In this issue …
- Administration’s “dynamic scoring” implies low growth
- Business response to tax cuts appears lukewarm
- Oklahoma income tax cut may fail
- About Bob
Administration’s “dynamic scoring” implies low growth
At the ceremony where Governor Brownback signed the large income tax cut bill Tuesday, officials once again circulated “dynamic scoring” documents predicting the tax cut will add 23,000 new Kansas jobs by 2020, over and above normal growth. Administration officials also indicated their analysis showed 35,000 people will move to Kansas as a result of the tax cuts by 2020.
A review of Kansas labor and census information strongly suggests such growth would be extremely low by historic standards and contradicts the administrations claims that the legislation will be “a shot of adrenaline into the heart of the Kansas economy.”
Current Kansas employment in April was 1,357,100, according to the Kansas Department of Labor. An addition of 23,000 new jobs would be less than 1.7%.
In fact, a May 18 news release by the Labor Department said Kansas job growth was over half the touted 23,000 new jobs in just one month:
“Private sector employment grew by 13,900 jobs since March 2012, a 1.3 percent increase. These gains were caused by seasonal changes, showing a pause in the overall improvement of the labor market.”
Here’s how Kansas employment grew in the five year period after the September 11th downturn and the beginning of the Great Recession in 2008. Figures come from the Kansas Department of Labor web site.
That’s an increase of 66,800 jobs in the period, or 5% growth of employment before the recession hit. An additional 23,000 jobs over the next seven years would certainly be welcome, but it’s hardly “a shot of adrenaline” compared to what Kansas has been able to do in a normal recovery.
So, what about the projection that Kansas will add 35,740 new residents?
Kansas current population, according to the U.S. Census Bureau, is 2,871,238. The addition of 35,740 new residents by 2020 would only be a 1.24% increase.
According to U.S. Census Bureau estimates, Kansas beat that percentage population growth in eight of the ten years of the decade from 2000 to 2010.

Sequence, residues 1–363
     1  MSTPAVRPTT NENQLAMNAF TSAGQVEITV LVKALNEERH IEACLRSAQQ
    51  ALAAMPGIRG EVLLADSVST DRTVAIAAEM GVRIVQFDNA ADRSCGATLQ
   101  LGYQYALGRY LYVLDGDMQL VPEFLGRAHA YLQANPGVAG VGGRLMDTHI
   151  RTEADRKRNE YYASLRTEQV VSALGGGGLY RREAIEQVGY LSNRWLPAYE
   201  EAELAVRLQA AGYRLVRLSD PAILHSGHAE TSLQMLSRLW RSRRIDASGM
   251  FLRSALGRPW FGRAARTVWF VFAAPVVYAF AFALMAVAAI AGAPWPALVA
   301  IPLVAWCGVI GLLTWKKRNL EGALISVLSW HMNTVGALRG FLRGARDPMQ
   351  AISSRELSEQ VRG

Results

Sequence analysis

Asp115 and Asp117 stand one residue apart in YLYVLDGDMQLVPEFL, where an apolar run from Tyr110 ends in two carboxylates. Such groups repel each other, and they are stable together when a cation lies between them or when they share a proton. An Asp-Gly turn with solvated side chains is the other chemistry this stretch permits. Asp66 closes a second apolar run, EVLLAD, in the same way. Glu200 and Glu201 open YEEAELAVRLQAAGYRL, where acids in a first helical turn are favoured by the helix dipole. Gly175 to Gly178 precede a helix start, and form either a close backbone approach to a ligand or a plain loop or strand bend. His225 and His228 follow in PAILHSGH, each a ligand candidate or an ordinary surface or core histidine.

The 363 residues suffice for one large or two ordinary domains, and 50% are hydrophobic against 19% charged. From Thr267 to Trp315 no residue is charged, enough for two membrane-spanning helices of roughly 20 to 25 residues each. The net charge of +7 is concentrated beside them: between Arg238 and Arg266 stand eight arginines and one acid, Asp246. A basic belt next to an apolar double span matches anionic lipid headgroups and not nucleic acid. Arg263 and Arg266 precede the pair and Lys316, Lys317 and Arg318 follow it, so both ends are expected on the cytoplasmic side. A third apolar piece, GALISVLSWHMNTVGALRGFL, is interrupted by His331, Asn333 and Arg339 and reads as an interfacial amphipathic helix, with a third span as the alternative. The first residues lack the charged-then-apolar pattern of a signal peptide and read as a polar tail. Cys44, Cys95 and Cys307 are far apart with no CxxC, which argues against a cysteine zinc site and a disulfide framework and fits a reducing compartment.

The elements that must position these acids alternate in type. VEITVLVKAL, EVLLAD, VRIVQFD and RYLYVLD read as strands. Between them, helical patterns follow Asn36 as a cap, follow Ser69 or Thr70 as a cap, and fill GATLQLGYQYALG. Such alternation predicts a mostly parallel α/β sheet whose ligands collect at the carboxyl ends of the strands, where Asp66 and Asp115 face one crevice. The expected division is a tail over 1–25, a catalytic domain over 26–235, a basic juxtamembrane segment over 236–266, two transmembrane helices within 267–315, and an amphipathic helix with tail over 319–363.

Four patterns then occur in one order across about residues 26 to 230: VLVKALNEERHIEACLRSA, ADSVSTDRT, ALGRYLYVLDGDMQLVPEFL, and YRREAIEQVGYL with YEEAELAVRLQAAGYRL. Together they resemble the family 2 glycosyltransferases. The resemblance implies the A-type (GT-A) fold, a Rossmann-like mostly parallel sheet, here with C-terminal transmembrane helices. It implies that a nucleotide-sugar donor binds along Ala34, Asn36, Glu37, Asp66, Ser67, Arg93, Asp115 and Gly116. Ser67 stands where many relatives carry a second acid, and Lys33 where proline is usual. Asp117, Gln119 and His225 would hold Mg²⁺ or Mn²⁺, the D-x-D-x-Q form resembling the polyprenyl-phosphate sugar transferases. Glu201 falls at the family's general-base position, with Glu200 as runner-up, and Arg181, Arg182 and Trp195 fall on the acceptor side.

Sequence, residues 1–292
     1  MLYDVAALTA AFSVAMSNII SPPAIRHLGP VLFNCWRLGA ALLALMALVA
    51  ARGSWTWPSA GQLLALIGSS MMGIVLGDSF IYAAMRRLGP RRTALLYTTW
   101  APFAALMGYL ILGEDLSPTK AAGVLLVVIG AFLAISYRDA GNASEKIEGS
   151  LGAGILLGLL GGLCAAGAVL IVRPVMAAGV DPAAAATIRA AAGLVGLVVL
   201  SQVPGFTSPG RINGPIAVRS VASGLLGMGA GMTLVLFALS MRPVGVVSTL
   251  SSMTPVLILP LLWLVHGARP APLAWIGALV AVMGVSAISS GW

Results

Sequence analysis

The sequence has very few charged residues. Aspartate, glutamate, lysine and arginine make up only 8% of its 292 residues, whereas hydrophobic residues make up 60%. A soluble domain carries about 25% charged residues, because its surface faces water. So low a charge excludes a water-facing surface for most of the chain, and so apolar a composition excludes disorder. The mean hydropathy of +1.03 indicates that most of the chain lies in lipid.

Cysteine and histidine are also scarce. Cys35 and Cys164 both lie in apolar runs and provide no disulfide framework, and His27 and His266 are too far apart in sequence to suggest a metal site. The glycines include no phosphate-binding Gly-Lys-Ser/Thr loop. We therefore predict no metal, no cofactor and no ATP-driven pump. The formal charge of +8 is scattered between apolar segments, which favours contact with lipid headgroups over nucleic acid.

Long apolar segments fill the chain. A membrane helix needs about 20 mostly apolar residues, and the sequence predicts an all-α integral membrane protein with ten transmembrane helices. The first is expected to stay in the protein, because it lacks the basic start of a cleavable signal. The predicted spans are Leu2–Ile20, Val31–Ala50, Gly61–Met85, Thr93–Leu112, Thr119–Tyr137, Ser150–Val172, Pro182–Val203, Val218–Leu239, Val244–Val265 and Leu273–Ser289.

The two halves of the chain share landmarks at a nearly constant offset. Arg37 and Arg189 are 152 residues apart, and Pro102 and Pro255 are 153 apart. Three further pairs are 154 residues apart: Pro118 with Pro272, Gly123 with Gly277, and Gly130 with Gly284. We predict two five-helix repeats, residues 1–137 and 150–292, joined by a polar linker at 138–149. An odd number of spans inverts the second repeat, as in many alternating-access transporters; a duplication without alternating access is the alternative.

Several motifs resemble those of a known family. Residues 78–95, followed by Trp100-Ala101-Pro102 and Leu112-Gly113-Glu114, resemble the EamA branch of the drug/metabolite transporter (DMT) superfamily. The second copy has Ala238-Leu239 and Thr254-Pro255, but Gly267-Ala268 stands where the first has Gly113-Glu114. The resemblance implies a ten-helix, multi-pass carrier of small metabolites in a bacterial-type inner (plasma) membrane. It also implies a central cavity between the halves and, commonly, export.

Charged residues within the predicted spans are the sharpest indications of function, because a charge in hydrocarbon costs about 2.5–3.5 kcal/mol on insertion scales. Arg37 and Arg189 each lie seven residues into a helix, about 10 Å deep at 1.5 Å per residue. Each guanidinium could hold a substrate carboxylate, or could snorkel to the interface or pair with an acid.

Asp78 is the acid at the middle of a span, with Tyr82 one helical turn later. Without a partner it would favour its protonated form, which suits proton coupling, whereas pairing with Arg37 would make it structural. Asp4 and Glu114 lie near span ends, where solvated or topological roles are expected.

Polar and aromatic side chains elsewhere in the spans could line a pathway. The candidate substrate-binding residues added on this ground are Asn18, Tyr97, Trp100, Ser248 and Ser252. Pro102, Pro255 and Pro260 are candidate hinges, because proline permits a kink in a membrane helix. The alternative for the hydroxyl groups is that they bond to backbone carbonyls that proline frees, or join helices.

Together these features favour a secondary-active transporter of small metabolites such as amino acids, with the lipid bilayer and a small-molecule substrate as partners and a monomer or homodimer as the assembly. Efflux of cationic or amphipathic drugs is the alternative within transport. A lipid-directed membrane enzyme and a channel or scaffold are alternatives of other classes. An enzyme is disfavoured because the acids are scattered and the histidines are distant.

Here are the estimated Kansas population growth rates from 2000 to 2010.
Kansas population grew by 164,294 during the decade beginning in 2000.
That’s 6.1 percent. An additional 1.24% increase in population would be welcome, but it’s hardly “a shot of adrenaline into the heart.” Maybe more like a cup of regular coffee.
Business response to tax cuts appears lukewarm
The headline in the Business section of the Wichita Eagle Thursday morning was contradicted by the story: Kansas small-business owners say elimination of income tax is a big help.
The actual story seems to indicate a tepid reaction to the tax cut. An accountant points out the downsides, including the fact that a state tax cut will increase federal taxes.
A pharmaceutical company says the lower income taxes will not create more jobs at his firm. “Tax policy doesn’t affect when we hire,” said Brian Williamson, president and CEO of JCB Laboratories. “We’re hiring when the business dictates we need to hire.”
The President of the Wichita Independent Business Association, Tim Witsman, said the cuts are helpful to small business, but other variables have a significant effect on job creation. Witsman was the first President of the now-defunct Kansas Inc., the state’s economic development research agency.
Oklahoma income tax cut may fail
Oklahoma law requires the legislature to complete its work by 5 p.m. on Friday of this week, and it’s looking more like Governor Mary Fallin’s call for an income tax cut will not happen this year.
There are not enough votes in the Oklahoma House to support a previously agreed to proposal. The agreement fell apart after the Oklahoma Tax Commission released information showing 24% of tax filers would have an increased tax liability.
The Speaker of the Oklahoma House of Representatives, Kris Steele, says the House has kept tax cuts alive by offering up an alternative proposal. The Senate and Governor Fallin are resisting what they consider a lesser offer.
In a previous KEPC Update, our report on education funding erroneously implied that a bill to increase local option budget authority for school districts might have passed. It did not.
The legislature added $40 million from the state general fund to the base state aid per pupil. There is no local taxing authority expansion. We regret the misunderstanding.
Like so many others, we were shocked and saddened by the tragic death of Representative Bob Bethell (R-Alden). Bob was a moderate Republican and a great friend of the Kansas Economic Progress Council.
Tagged by many as a RINO (Republican In Name Only), he proudly displayed a mounted fake rhinoceros head on the wall of his office. He wore a Mickey Mouse tie every day, yet was deadly serious in his concern for those who suffered from health problems, poverty, and disability.
Respected by all, he even officiated at the funeral of Representative Judy Showalter, a Winfield Democrat, in 2005. Knowing she was dying of cancer, Judy asked Bob to preside at her service, and insisted that he wear one of his signature Mickey Mouse ties.
His own funeral Thursday at Sterling, Kansas was attended by what appeared to be most of the legislature, Republican and Democrat. Many wore Mickey Mouse items in his honor.